The Geographical Indications Act. Using examples of how Indian turmeric, basmati rice, neem were wrongfully patented, communities are informed of the GI Act and the legal status that has been provided to special products associated with a particular area. That the law recognises that it is the knowledge and skills of community in a specific location that develop the exclusive characteristics of the product produced in their area hence they have exclusive rights on it, including the name which cannot be used by another set of people residing in a different region but producing a similar product.
Some examples of products protected under the GI act are Basmati rice, Darjeeling tea, Kanchipuram silk, Alphonso mangoes, Nagpuri chappal, Mysore silk, Malda mangoes, etc.
Communicating the information
To make the laws understood by the community, the legalese is greatly simplified, paraphrased and translated to regional and local dialects. But because marginalised communities have very little exposure or a sense of rights and empowerment they often find it difficult to internalise the nature and nuances of empowering legislation easily. Gene Campaign, therefore, has developed a wide repertoire of communication messages and interaction techniques that help communities digest legal matters in a way that is entertaining as well as informative.
Music: Because music attracts attention and catchy songs are often remembered key, messages are often made into songs and performed in public with musical accompaniments. These songs use local tunes and are composed in local dialects and help people remember and recall the messages better.
Nukkad Nataks: Street plays are one of the most popular forms of engaging with the community. They are written by the local youth who are trained on various rights and issues of concern. These plays, accompanied with humour and the performance of local actors, are heavily attended by men, women and children alike and often create talking points in the community for further discussions.
A public interaction location often has colourful banners and posters to create a celebratory atmosphere. Banners carry rights based slogans such as: Hamara beej Hamara Adhikar – We have rights over our seeds > Hamare Beejon par Patent nahin- Hargiz nahin – No one can patent our seeds > Beejon ka Panjikaran karao , Beejon par adhikar Jatao: Let’s list all our seeds to protect them > Hamare Gaon Ke Aaspaas ke jungle par Hamara Adhikar – Our forests are ours > Desi gyan par koi Patent nahin – No one can patent our knowledge
The constant exposure of such messages as a back drop to the performances helps communities get acquainted with their rights. And all discussions and performances are designed to encourage interaction and elicit opinion from the audiences to make it more participatory.
Simple literature: Public congregations are held at convenient places in the village such as the common meeting place, school, community halls etc. And the messages conveyed through songs and plays are reinforced through simple readable literature and posters that are put up across village thoroughfare areas.
For instance, the complex and dense material contained in international treaties which led to the national legislation and the legislation themselves are portrayed in a set of illustrated wall papers in Hindi. The pictorial representation appeals to the readers and breaks heavy text.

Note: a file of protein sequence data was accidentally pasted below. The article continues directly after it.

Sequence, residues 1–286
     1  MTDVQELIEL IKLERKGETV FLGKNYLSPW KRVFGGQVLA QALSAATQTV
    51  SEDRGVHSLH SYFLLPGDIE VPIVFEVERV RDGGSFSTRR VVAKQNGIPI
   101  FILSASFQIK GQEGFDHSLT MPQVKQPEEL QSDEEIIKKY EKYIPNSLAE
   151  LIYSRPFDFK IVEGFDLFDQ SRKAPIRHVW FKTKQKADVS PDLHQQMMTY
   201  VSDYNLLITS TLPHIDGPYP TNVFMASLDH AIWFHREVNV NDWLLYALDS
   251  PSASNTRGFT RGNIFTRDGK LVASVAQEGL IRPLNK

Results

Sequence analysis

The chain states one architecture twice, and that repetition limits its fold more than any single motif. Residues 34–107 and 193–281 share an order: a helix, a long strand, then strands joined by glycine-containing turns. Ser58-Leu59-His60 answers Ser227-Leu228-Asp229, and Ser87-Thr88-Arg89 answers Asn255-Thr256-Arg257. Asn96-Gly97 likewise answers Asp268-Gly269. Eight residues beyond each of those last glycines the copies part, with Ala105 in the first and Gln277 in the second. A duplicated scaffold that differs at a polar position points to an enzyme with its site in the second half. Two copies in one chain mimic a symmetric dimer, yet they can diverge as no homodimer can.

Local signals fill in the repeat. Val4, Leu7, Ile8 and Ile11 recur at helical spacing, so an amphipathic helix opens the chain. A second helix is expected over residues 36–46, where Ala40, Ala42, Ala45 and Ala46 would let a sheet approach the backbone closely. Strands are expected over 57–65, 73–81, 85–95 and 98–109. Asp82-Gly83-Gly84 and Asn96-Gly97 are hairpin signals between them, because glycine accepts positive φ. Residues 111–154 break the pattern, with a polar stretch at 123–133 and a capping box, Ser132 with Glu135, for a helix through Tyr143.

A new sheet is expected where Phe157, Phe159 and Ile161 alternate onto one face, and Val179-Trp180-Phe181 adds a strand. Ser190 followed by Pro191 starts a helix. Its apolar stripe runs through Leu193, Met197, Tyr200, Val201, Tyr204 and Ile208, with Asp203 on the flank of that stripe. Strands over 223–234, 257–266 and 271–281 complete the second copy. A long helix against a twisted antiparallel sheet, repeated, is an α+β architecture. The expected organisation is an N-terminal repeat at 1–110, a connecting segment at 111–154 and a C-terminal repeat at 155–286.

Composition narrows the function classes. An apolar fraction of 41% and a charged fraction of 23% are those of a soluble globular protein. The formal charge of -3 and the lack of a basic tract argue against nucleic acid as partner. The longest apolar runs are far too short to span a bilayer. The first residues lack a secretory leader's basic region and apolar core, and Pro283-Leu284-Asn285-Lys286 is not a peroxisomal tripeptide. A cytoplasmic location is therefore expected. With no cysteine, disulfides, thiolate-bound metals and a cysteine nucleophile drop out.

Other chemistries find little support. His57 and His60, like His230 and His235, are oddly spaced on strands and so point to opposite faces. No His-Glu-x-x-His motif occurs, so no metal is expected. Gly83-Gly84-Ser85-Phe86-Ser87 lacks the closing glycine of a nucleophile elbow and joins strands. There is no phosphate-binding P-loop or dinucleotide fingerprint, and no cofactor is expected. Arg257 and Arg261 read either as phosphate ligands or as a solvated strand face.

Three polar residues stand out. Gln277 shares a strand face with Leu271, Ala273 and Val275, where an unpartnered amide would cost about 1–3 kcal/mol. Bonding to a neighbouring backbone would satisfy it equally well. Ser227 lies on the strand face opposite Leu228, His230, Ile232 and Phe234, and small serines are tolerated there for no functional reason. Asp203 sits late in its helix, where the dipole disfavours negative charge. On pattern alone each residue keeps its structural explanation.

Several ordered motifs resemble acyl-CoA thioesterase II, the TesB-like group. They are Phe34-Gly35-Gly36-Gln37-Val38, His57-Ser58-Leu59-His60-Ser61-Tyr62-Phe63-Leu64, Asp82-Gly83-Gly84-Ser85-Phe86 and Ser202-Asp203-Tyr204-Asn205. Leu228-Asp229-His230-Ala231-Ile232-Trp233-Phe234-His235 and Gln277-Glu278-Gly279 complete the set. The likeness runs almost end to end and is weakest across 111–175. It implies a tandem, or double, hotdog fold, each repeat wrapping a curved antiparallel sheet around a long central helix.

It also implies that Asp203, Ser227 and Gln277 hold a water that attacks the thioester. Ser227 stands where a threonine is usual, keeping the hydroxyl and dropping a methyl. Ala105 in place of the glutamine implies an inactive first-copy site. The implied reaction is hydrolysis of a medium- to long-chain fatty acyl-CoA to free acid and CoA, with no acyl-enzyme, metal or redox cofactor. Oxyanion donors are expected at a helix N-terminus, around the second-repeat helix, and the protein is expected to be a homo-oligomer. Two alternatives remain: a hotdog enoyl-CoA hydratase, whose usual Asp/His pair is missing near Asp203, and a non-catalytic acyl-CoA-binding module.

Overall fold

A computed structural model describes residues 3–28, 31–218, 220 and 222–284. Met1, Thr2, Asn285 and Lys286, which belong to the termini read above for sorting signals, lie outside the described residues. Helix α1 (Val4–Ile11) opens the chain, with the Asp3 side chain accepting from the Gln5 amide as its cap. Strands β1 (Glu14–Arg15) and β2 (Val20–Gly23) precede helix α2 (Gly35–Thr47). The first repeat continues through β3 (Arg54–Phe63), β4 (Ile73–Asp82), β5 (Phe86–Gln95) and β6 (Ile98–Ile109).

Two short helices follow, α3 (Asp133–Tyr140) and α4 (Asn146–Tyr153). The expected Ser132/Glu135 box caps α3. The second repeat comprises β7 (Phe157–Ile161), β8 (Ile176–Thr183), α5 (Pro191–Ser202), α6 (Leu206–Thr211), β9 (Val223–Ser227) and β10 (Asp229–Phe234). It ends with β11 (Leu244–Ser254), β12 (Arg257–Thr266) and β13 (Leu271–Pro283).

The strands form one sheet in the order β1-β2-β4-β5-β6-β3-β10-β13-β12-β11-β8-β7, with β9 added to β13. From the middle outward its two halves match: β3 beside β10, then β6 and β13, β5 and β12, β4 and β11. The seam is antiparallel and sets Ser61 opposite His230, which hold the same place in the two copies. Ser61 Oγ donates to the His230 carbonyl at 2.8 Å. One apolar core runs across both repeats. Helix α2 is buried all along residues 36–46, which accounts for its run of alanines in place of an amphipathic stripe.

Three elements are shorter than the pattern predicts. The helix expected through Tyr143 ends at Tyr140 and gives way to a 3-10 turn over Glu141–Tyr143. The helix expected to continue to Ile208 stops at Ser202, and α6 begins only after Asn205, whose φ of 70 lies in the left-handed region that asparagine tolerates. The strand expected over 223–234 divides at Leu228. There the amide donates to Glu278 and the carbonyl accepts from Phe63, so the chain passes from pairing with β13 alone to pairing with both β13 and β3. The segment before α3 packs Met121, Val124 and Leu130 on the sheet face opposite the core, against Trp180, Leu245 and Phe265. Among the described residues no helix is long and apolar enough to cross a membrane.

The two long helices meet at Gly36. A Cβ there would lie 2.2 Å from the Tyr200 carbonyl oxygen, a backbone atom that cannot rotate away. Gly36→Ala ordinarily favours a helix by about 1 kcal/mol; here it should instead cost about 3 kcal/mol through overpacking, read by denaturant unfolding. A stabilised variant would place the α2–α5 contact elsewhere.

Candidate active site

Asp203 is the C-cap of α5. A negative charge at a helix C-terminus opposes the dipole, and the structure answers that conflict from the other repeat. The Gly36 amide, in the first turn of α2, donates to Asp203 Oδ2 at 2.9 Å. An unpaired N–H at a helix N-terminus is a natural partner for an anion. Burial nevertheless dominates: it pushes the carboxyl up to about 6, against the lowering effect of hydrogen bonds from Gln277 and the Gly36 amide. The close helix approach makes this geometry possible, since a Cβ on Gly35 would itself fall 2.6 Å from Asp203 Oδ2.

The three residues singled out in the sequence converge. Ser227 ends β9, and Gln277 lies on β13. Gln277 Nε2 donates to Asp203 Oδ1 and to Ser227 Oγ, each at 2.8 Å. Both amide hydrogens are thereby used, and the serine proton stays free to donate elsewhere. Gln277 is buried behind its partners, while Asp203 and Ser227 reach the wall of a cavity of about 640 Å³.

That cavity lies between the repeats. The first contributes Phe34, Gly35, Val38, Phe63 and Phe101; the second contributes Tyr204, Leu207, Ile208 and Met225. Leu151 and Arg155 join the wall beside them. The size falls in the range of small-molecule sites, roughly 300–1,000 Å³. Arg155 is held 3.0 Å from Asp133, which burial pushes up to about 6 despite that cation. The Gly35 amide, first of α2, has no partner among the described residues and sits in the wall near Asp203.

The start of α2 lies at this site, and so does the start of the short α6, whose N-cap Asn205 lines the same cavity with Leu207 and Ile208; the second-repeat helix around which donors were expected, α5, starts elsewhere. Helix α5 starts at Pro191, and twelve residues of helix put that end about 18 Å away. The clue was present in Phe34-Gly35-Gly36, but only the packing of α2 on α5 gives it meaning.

Wherever a meeting is held the discussion is routed through the medium of posters and wallpapers so that messages get associated with the posters and wallpapers, in the hope of increasing the retentive value of the written texts. Gene Campaing also produces and distributes within the community yearly calendars illustrating the medicinal uses of local flora – flowers, fruit trees and common spices.
Wall writings: Rights messages and slogans are painted on walls, pipes and any available space. Many people see these messages every day, thus helping in their reinforcement. Students often read them out aloud on their way to and from school, and often become enthusiastic champions of the thought. A popular activity is trying to get the communities to come up with new slogans. In fact several slogans used by GC were raised by people from the villages.
These techniques it has been found allow for greater transmission of information than through the ‘training and lecture format.’ What makes them more effective is that usually after designing these ínfotainment’ modules they are tested in different locations with different kinds of people and based on feedback they are modified to make them more relevant.
And apart from the community-based awareness work, Gene Campaign also trains a cadre of trainers from among the local youth who are equipped to conduct such programmes in the future on their own. The idea is to groom these local trainers to become resource persons and champions of community and farmers rights.
Empowering farmers to speak out against the agrarian crisis: The Jan Sunwai
In the backdrop of the claims and counter claims that genetic engineering of crops is the solution to the food and agrarian crisis India is facing, Gene Campaign organised a ‘ Jan sunwai’ (public hearing) platform to take the debate to the very people it concerned most – the growers of food, the farmers, and to find out from them what they considered were the problems leading to hunger and the crisis in the agriculture sector.
Approximately 5000 farmers from across the country congregated at the historic monument of Jantar Mantar in New Delhi, in 2007. The consensus that emerged from the gathering was that constraints such as high input costs, market unavailability and very low market price for produce, lack of credit, water scarcity, climatic uncertainties, low budgetary outlay for agriculture improvement, the SEZ Act, etc were contributing to the agrarian crisis. They made it clear that for not a single of these constrains did biotechnology provide an answer. And it was their submission that more than Genetically Modified Seeds, it was organic agricultural practices that needed to be encouraged, and most importantly, their markets secured.
The congregation presented their views and evidences to a Commission consisting of Justice Rajendra Sachar, Sri Prabhash Joshi (Former Senior Editor Jan Satta), Sanjay Parikh(Advocate Supreme Court) and Swami Agnivesh (President, World Council Of Arya Samaj) who had been invited to the public hearings and convey these recommendations to the government.